The offbeat bride: Amy, high school science teacher (and Tribe member)
Her offbeat partner: Ian, high school math teacher
Location & date of wedding: Stanley’s Olde Maple Lane Farm, Ottawa – August 7, 2010
What made our wedding offbeat: Our goals for the wedding were: to have it in Ottawa so our families could be there, to minimize the carbon footprint, and to have as little stress as possible in planning. We also wanted to have fun and stick in little details that represented us whenever we could!
We planned the wedding in five months from the other side of Canada. Our venue was pretty much all-inclusive and took care of just about everything for us, to the point where we didn’t even remember to find out what exactly was on our vegetarian menu until the day before the wedding.
We sent out our invitations by email to save paper, but printed a few for older family members.
There were lots of other details we focused on, like the hundred vegan cupcakes in six different flavours we baked the day before the wedding. My dad built the cupcake stand, using rungs from my old rope ladder swing as supports.
We also bought carbon offsets for our wedding and our travel to get back home to Ottawa.
I bought my dress from an ad on craigslist. There were no restrictions on the bridesmaids’ dresses, except to not buy dresses of the same-color-but-different-shades! They each chose a dress that they loved and can re-wear, and somehow ended up matching the groomsmen who wore their own suits and had no idea what the girls were wearing.
At dinner, we played a trivia game to determine the first table to get to the buffet. Afterward there was dancing, photo-boothing and I got to throw the bouquet. This was only the second wedding I’d ever been to, but I’ve always wanted to throw a bouquet. Throwing something backwards at a crowd of people was as awesome as I’d suspected. We made it clear though that this was a “good luck” bouquet and not a “getting married next” kind of deal, so everyone could get in on it.
A week after the wedding, we threw a non-official wedding party at a bar in Vancouver, so all the friends who weren’t at our wedding could celebrate with us. I got to wear my dress again! We played the video of our ceremony and then karaoke’d all night.
Tell us about the ceremony: Our ceremony was based around a non-religious handfasting. We used six cords (we bought small diameter cords that looked like climbing rope) and had our parents and wedding party drape them over our hands during the ceremony. We kept the cords on during the vows (it made unfolding my paper difficult), and while we signed the paperwork.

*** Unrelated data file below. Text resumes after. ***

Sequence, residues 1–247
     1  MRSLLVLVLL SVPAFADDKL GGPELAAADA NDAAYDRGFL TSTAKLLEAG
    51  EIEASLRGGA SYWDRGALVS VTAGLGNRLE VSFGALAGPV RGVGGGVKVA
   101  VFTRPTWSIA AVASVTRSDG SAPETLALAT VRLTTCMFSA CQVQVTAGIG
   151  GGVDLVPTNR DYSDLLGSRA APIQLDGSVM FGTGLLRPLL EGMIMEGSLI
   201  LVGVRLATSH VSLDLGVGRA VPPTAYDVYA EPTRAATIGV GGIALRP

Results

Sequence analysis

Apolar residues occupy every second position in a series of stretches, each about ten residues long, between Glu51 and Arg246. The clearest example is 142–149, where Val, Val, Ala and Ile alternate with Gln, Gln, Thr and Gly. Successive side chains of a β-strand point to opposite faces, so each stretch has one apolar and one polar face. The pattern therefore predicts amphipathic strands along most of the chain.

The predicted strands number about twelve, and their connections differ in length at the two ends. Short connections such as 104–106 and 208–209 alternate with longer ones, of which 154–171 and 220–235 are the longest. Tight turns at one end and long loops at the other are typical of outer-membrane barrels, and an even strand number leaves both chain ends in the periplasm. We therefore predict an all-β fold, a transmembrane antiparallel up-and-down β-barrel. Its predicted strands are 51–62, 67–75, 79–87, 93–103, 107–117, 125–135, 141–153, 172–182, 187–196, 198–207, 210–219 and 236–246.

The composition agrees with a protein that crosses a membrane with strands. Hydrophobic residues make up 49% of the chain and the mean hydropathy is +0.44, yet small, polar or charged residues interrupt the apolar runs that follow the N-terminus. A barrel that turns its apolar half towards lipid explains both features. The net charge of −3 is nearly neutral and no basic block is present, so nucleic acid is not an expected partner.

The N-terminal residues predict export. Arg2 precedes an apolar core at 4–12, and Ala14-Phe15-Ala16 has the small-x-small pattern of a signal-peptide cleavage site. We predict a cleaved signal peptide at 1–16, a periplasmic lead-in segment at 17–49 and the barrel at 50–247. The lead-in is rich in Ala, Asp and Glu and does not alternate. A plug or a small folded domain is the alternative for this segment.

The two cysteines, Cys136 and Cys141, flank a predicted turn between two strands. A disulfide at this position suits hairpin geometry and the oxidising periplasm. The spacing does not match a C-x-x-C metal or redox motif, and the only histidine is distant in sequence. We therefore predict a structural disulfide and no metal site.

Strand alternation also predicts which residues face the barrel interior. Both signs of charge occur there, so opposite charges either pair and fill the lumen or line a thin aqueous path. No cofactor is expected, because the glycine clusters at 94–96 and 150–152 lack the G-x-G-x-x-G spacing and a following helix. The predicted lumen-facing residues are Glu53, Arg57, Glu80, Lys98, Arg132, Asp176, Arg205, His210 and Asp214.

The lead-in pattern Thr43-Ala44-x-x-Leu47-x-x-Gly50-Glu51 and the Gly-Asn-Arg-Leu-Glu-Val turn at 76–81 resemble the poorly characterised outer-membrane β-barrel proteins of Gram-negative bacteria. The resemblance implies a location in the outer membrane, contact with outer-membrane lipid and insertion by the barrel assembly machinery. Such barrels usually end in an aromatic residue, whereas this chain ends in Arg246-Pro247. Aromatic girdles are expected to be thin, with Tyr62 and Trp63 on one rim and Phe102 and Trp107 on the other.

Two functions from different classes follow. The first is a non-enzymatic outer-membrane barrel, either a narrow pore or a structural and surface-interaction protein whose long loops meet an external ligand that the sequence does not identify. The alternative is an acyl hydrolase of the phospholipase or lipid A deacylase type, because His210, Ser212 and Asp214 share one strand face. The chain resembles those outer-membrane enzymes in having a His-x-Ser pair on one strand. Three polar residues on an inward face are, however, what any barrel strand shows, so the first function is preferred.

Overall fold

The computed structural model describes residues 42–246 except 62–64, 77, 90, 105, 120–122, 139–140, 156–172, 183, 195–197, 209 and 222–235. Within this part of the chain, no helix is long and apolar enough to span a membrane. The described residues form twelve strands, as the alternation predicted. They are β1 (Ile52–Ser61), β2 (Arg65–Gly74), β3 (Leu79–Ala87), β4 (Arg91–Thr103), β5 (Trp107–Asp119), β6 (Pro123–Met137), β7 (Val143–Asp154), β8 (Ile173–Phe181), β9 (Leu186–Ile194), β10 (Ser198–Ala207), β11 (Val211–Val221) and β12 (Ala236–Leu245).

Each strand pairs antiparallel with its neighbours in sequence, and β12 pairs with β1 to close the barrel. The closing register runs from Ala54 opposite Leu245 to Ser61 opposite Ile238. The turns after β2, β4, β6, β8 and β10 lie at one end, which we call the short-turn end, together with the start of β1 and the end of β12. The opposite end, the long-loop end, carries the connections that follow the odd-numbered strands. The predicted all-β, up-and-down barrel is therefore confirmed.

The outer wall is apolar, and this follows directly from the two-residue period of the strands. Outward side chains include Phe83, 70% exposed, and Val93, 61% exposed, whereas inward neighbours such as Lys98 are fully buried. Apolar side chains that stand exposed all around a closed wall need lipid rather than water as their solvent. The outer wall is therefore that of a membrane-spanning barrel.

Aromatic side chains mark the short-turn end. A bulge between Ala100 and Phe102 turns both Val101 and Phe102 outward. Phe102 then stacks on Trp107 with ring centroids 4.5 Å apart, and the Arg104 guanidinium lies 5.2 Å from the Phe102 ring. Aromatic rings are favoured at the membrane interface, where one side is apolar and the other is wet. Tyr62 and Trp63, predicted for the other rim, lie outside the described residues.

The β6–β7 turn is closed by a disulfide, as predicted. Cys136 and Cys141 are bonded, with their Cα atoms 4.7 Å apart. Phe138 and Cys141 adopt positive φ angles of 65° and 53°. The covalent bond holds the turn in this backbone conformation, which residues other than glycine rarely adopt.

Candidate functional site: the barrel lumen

Other little touches in our ceremony were our Dr. Seuss quotes to open and close, the readings by our siblings, and the vows we wrote for each other.
My favorite moment: The ceremony — hearing what we’d written together and being able to finally share our vows — was very powerful for me. I knew all along that the ceremony was going to be my favorite part of the day, but I was surprised that the photo session ended up being the next best part. Our photographer was so unobtrusive that it really felt like alone time for the two of us.
My funniest moment: My favourite funny memory is a tiny little thing most people probably didn’t even notice. Our officiant mispronounced “inevitable” during the ceremony and we both instantly mouthed the correction at each other. It happened so fast, but I was feeling a bit of stage fright and it totally took the edge off.
Was there anything you were sure was going to be a total disaster that unexpectedly turned out great? The first dance. I’m not a good dancer and have hardly ever danced in public. We picked a slow song for our first dance so I didn’t have to stress about my moves, but I was still worried about stepping on toes or tripping on my dress. So I changed into my street shoes before the dance and Ian quietly asked his parents to come out and start the group dancing after a short time. Dancing on the porch with everyone dancing around us, to a song we chose together, turned out to be easy.
My advice for offbeat brides: Planning a long-distance wedding doesn’t have to be more stressful. Everything is on the internet. If you know people in the city you’re planning the wedding in, ask a supportive family member/friend to check stuff out for you. And think ahead about how you’re going to transport squishy or breakable items of decor or wardrobe to your destination.
DIY is way more fun if you have helpers! Make sure you aren’t getting into more than you can handle on your own. And if the budget is tight, it can be worth checking if your DIY projects are actually saving you money.
What was the most important lesson you learned from your wedding? When you’re planning a big event like a wedding, let go of things that aren’t super important to you. Neither of us have ever decorated an apartment, so we let our venue do whatever decorating was included. We focused on the parts that really mattered to us.
And this isn’t really a new lesson, but I was reminded that Ian always comes through for me. He’s always there for me when I’m overwhelmed or excited or just need somebody to talk to. That’s why I asked him to marry me.
Care to share a few vendor/shopping links?
Enough talk — show me the wedding porn!
This post features Offbeat Vendors! Check out their vendor listing to see how they cater to Offbeat Brides: